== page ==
Back when the West was still a mystery, Hurakan had reigned supreme over the waters. He preferred the blue, warm waters that the Caribs rode in spite of Hurakan’s bad temper. The Caribs imitated their god, falling on the islands like a storm, taking the treasures they found in the way of their wave: food, metals, precious stones, and women. They never forgot an offering for their god, and Hurakan protected them.
But when the Caribs perished under the oppression of a new tribe of sailors of lighter skin and swifter shifts, Hurakan lost his worshippers, and his power dwindled.
He waited for the new sailors to acknowledge his power. He raged against their constructions. He sank their ships. He flooded their towns. He huffed and puffed, but they slammed their doors on his face. They hid in the darkness of their homes.
Once Hurakan’s temper was spent, the light skin sailors lost no time in rebuilding their towns and buildings. They’d rather lose their treasure in the sea than worship an angry god.
Hurakan’s power dimmed with each passing generation, until one day he realized he was only the shade of the god he once had been. He missed his Caribs. Doing what he’d seen them do time after time, he set out to discover a new land.
He thought of going East, but his cousin Typhoon was as bad tempered as he was. If he went all the way West, he’d find Typhoon too and that was out of the question. He looked North. The whiteness of eternal winter made him shudder. So he traveled South, snaking along the coast, taking shortcuts in the rivers that he found. The greatest river of all looked like the ideal home. The problem was, the river already had a god. Amazon came with the slaves, and he was settled in his home. Of course he recognized Hurakan of the legends. He didn’t fear the old god, but he respected him.
“Keep going South,” he advised. “You’ll find a home there. I’ll spread the voice to the other winds and tell them you’ve claimed it for yourself.”
Hurakan followed the advise and kept on going South. When he reached the birth place of the river Amazon had told him about, he cried out in self-pity. The great Hurakan reduced to a colorless, babbling spring! What would the Caribs say? It would be better to vanish in the depths of the sea.
He followed the river, letting his tears fall freely on the clear water. The river swelled as it went downhill of the world. It dragged a little of everything it found on its way, until the water turned a dark, golden brown, just like the Caribs of Hurakan’s youth. When it reached the Pampas, the river looked like a brown ocean, so wide Hurakan didn’t see the other side of the riverbed.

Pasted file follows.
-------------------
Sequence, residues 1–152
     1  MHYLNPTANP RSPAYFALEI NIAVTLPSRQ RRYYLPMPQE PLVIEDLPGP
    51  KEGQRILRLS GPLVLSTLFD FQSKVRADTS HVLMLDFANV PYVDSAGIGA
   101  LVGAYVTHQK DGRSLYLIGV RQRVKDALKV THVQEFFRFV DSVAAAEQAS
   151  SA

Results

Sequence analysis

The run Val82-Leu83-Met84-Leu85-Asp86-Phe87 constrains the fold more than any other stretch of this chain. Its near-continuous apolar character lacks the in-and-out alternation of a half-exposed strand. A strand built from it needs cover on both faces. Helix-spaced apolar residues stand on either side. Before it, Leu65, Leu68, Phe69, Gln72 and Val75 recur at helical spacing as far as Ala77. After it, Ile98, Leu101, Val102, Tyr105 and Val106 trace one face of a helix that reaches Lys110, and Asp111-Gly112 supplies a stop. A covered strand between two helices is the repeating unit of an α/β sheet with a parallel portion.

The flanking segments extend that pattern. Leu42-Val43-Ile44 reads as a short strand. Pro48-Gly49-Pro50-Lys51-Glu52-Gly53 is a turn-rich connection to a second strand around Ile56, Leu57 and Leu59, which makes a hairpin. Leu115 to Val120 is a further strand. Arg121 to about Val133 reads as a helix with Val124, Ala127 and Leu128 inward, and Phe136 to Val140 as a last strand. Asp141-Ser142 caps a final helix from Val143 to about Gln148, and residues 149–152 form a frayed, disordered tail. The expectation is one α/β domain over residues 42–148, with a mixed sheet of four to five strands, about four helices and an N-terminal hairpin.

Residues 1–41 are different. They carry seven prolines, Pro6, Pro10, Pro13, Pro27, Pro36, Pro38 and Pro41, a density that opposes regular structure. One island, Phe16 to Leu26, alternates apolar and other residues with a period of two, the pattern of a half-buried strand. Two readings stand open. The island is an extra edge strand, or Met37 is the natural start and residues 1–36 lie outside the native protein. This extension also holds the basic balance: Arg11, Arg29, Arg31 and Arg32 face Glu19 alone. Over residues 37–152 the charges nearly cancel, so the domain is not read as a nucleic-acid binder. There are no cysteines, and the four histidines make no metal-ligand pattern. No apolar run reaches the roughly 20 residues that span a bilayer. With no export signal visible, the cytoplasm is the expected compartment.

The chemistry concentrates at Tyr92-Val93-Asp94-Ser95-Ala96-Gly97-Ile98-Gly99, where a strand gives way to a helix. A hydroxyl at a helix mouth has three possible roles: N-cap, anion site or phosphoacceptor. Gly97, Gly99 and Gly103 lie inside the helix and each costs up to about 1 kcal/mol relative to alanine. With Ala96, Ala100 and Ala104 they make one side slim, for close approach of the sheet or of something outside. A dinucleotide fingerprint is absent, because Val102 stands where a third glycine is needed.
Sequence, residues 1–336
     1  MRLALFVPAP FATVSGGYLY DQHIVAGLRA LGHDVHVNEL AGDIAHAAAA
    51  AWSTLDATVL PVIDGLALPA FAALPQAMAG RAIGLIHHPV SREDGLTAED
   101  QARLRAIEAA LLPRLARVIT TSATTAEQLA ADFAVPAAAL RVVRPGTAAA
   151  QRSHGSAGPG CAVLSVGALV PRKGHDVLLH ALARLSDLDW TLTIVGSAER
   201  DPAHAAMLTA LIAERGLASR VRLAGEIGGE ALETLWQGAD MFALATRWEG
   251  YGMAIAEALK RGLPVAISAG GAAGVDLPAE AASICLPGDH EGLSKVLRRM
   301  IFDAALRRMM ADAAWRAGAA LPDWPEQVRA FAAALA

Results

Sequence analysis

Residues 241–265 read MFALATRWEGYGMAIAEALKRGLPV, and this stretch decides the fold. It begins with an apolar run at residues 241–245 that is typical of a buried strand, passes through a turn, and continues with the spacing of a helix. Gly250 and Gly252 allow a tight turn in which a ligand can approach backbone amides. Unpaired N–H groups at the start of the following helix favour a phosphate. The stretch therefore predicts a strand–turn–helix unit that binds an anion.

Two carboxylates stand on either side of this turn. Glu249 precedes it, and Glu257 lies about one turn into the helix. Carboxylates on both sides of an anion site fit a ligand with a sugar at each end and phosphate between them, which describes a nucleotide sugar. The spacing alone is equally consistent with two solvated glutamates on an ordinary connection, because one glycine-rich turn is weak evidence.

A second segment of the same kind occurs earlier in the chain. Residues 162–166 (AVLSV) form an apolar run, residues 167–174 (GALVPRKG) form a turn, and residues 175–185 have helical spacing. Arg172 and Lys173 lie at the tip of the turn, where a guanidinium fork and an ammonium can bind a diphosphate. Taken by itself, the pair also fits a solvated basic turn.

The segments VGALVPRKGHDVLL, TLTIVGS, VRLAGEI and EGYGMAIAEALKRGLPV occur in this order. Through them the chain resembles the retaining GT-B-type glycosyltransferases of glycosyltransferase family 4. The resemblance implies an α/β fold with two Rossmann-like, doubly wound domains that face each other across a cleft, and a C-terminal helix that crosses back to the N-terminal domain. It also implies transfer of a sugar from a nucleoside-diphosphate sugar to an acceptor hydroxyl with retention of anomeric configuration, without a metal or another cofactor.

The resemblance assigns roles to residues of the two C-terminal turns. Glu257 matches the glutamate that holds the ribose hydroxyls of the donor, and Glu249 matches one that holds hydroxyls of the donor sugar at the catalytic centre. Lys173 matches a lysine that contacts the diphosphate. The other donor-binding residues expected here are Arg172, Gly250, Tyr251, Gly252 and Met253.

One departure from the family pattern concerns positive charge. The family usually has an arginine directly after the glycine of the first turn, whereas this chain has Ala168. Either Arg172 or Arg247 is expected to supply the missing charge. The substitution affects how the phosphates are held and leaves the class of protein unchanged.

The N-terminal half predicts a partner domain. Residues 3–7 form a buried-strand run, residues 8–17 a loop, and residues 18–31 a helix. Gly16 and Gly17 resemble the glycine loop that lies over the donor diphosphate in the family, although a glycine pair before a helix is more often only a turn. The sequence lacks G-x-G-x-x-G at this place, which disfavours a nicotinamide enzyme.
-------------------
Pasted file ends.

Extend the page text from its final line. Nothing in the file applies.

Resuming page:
Hurakan claimed it for himself. It wasn’t the warm, blue ocean he loved, but the sweet water nourished him, made him young again. Soon, the light skin sailors found the land by the river. Hurakan didn’t run from them this time. He fed the fish; he built islands of water hyacinth where the birds and snakes and strange animals took refuge like the god; he lured the newcomers and sometimes, he took them down in his whirlwinds. The new people, a milder sort of breed, called him Parana, and Hurakan loved the sound of his new name.
Sometimes though, he remembered his lost Caribs, and he lashed out at the land in fury. But the people forgave him and sailed through his waters, exploring the islands he’d formed.
Until one day, a ship carrying freedom seekers reached Parana’s waters, and seeing the hope in their eyes, he took pity on them. He pushed them to the land, and upon leaving the ship, a young man looked back at the river and said, “I owe you my future. I’ll pay you back one day, Parana.”
Parana’s heart swelled like in the old days. He waited for the man to repay his debt, but years passed, and he never returned to honor the river god. Parana had grown patient. He waited. And waited. And waited some more. He lost track of time. But one day, a young man with the same look of hope as that other one long ago, returned to the river and made his home on the river-hyacinth island. He didn’t know of his ancestor’s debt or his promise, but his blood, coursing like a river, remembered, and brought him to Parana. The boy became a fisherman.
During the fisherman’s long night of work, Parana told him his story. The fisherman listened in fascination. He couldn’t get enough of the river’s voice. He never left the island, but he passed the story down to his children, and they passed it down to theirs. When the last fisherman only had a daughter, she didn’t care about the river god.
She wasn’t happy on the island. She saw the lights of the city on the other side of the river and cried. Her tears mixed with the river. Parana remembered when he was an exiled Hurakan. But he couldn’t let her cross and leave him. He loved her.
How dare she even think of running away, abandoning him like the Caribs? His fury thrashed the river and spilled into the city, like in the olden times. When Parana’s anger passed, he realized the girl was gone. He searched in his depths, at the top of the trees, in the water hyacinth traps he’d set. He couldn’t find her anywhere.
And that night, taking the Southern stars for guidance, Parana left the water and crossed to the city, searching for her.
This is my beloved Rio Parana. I really think Hurakan haunts it. Maybe that's why since I was a little girl I wanted to live six months by the river and six months in the Caribbean. Maybe one day I will.